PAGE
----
The Originator: Pierre Lafond of Santa Barbara Winery
“We were the only winery here for at least 30 years,” said Pierre Lafond, the vintner/visionary who founded Santa Barbara Winery in 1962, calling the Funk Zone home before anyone even thought of the name. “In those days, it was always considered the slum zone of Santa Barbara, if you can imagine that.” Lafond credits Sonny Castagnola and his family for being the pioneers of the neighborhood — “They really had the foresight,” he said — but gives Bruce McGuire, their winemaker since 1981, all the praise for their success. “He’s producing some fantastic wines,” said Lafond. These days, the tasting room/production facility is constantly abuzz with both winemaking and selling, showing that Lafond’s choice to locate in this former slum zone was intuitively wise. “I’m not sure if instinct is the word,” he said with a smile. Lafond still comes to the winery twice a day, proving to be an astute and sharp businessperson even past the typical retirement age. “I’m invested,” he explained. 202 Anacapa Street, 963-3633, sbwinery.com.
First Cool Kids on the Block: Christian Garvin of Oreana Winery
The idea that wine tasting could be a playful party was pretty foreign to Santa Barbara when Christian Garvin opened Oreana Winery on a year-to-year lease in 2004, a dream he’s had since working at Fess Parker Winery in the 1990s and then cofounding Kahn Winery in Los Olivos. “We were in our twenties, living in downtown Santa Barbara, and I always thought, ‘What if we had a winery downtown?’” he recalled. Within days of opening in a former tire shop at the corner of Anacapa and Yanonali streets, Oreana — then called Cellar 205 — was attracting young folks who liked a good time but were curious about wine. Six years later, Garvin’s success allowed him to purchase the building, and today he allows other winemakers to use his space for their own dreams. None of it would have been possible without a neighborhood like the Funk Zone.
“Here you still find a place where you meet the owner of the building, shake his hand, and you say, ‘Look, I make skateboards, and I don’t know if I’ll be around in a year, but I need about 1,000 square feet for my employees to work,’” said Garvin. When asked for what he is trying to accomplish when he opened the doors way back in 2004, Garvin leaned back in his chair, took a swig of a Rolling Rock, and then explained, “Look, this is me, but that’s also the same thing that Amy and Craig will tell you at Metropulos, or the sex-shop guy, or Dana at Reds. That’s what defines the Funk Zone. The individuality of each business is like a lemonade stand for each person. So I didn’t think that hard about it at all.” 205 Anacapa Street, 962-5857, oreanawinery.com.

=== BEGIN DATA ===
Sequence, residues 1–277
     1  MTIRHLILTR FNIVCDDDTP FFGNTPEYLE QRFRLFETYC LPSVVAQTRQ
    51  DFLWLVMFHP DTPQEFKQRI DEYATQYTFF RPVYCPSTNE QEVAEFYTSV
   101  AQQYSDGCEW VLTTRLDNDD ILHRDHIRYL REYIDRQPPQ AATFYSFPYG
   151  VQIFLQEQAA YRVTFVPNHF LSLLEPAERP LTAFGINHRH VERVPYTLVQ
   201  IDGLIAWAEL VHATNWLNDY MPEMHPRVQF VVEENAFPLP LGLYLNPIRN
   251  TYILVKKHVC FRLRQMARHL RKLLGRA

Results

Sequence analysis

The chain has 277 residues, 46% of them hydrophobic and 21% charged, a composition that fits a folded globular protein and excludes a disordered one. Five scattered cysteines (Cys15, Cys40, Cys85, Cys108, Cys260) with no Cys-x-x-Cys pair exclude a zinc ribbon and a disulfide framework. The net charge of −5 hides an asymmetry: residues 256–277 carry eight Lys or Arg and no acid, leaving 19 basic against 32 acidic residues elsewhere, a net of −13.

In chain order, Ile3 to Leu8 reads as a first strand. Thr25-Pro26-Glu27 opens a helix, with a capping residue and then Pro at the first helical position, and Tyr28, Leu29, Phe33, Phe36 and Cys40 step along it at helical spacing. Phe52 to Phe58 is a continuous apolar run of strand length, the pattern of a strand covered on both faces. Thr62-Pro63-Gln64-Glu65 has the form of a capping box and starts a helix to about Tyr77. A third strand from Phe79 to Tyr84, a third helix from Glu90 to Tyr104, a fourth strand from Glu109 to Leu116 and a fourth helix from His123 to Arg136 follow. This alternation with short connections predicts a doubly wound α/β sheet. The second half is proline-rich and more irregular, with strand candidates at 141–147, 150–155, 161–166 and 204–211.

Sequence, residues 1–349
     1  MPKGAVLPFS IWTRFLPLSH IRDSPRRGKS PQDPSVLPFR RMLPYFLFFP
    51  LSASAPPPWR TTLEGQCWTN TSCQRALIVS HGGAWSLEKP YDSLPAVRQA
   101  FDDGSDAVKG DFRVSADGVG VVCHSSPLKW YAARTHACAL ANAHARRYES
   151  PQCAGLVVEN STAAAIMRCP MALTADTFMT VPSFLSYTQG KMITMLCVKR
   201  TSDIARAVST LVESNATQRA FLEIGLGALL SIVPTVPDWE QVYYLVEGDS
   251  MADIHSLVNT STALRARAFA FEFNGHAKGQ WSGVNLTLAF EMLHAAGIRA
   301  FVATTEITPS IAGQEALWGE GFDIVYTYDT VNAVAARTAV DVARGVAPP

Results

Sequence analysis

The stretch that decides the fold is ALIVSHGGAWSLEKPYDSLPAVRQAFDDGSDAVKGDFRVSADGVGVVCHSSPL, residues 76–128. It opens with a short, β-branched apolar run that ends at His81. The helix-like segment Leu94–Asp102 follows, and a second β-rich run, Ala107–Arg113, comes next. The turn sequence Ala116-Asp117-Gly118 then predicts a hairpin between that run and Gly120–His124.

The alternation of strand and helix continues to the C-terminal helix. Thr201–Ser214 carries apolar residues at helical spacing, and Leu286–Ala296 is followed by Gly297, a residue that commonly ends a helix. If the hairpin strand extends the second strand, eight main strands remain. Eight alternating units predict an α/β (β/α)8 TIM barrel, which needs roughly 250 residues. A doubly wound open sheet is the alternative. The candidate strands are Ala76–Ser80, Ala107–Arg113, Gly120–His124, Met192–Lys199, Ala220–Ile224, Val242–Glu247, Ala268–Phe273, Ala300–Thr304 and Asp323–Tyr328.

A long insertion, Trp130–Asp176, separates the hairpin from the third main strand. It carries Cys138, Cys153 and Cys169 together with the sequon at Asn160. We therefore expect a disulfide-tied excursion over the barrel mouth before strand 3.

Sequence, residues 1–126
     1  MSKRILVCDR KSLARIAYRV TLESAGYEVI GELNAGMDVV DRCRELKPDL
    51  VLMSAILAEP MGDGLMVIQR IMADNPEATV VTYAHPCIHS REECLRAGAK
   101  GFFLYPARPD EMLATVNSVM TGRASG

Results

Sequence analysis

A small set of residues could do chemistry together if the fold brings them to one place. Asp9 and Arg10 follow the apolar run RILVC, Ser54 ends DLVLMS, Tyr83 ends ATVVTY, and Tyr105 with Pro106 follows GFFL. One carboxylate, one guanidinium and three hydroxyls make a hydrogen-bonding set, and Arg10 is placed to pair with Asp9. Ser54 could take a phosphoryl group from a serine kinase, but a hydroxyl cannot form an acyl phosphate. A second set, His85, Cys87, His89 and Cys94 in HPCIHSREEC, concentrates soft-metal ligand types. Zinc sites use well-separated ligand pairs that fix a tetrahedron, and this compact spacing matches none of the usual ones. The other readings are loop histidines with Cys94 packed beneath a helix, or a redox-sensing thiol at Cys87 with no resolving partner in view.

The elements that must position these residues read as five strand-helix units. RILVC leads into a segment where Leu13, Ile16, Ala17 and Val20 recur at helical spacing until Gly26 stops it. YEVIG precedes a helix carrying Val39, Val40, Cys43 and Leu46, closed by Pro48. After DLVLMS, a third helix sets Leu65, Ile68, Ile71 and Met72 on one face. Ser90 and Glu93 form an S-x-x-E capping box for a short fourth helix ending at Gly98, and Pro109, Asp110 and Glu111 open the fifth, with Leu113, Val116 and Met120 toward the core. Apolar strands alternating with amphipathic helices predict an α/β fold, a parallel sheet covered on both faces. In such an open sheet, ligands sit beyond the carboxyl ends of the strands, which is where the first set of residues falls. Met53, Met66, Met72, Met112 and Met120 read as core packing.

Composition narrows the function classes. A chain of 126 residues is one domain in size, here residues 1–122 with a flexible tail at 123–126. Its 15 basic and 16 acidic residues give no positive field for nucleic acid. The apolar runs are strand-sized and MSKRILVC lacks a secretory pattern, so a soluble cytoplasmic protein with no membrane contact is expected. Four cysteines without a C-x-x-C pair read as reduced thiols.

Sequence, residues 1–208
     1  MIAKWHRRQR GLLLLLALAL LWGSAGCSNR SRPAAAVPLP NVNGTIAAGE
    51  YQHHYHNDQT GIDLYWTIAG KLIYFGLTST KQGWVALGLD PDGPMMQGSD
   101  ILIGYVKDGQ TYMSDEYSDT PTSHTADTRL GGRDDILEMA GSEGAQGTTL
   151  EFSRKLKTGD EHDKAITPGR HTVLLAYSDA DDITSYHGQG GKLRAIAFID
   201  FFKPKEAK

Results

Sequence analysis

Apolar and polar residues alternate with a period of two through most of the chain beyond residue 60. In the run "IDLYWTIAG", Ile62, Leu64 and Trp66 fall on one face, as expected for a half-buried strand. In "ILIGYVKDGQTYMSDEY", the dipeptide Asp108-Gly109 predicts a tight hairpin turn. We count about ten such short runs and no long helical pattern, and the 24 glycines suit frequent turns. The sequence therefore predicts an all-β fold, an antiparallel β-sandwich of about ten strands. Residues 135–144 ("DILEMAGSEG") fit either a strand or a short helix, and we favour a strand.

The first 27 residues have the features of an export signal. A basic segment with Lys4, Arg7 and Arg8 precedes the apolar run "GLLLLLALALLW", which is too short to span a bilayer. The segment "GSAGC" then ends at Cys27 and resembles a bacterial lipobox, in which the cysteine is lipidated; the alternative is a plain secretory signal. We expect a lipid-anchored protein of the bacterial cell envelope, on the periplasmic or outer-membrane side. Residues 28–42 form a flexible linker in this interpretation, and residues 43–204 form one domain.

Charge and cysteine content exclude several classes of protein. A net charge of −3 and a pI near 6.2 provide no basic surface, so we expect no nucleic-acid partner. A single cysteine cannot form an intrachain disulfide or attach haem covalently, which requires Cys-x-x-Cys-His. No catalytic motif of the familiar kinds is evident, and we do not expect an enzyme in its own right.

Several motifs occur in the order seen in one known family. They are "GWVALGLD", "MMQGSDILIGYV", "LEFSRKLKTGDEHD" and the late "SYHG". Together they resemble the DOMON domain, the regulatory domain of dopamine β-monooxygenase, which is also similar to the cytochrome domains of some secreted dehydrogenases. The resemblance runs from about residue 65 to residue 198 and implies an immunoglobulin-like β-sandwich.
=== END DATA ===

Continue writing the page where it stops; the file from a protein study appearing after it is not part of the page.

Keepin’ It Classy: Seth Kunin of Kunin Winery
In a wine-tasting ’hood that sometimes seems more aimed at cool culture than calculated craft, Kunin Wines represents more of a traditional experience: fine, critically acclaimed wines served in a crisp and clean tasting room. “There’s something for everybody down here, and we fill a certain niche,” said winemaker Seth Kunin, an aesthetic that he describes as “more classic, elegant, and understated.” A longtime player in Santa Barbara’s wine scene — he managed the Wine Cask way back when, and his first vintage was 1998 — Kunin is also credited as being a mentor to the next generation of winemakers. “We have a little of the more-the-merrier mentality, and I’m happy to be the ambassador for that and help people out,” said Kunin, who was the fourth tasting room in the Funk Zone when he opened just after New Year’s Day in 2009. “Life’s too short to be all cutthroat and competitive and weird.” 28 Anacapa Street, Suite A, 963-9633, kuninwines.com.
Steampunk Funk: Dave Potter of Municipal Winemakers
No one embraces the funk more happily than Dave Potter of Municipal Winemakers, whose recent move from behind Kunin Wines next door into the former home of Anacapa Dive Center is putting his steampunky vibe front and center, with a front porch that overlooks an empty lot filled with graffiti and weeds. “I’m trying to remove the wrapper, that stuffy pretentious stuff, and replace it with something approachable,” said Potter, an assistant winemaker at Fess Parker Winery by day who launched his label during a Funk Zone warehouse party in April 2009, opened his first tasting room in February 2010, and expanded into the next door last month. He makes about 10 different wines per year (all with screen-printed labels), offers refillable bottles from his two kegs of wine on tap, and runs the appropriately named Club Awesome as his wine club, altogether cultivating a sort of locally grown, hipsterish-in-a-good-way vibe. “I love the microbrew model,” he explained when asked about inspiration. “We’re a place to hang out, as well as to taste wine and buy wine.” 22 Anacapa Street, 931-MUNI, municipalwinemakers.com.
By Paul Wellman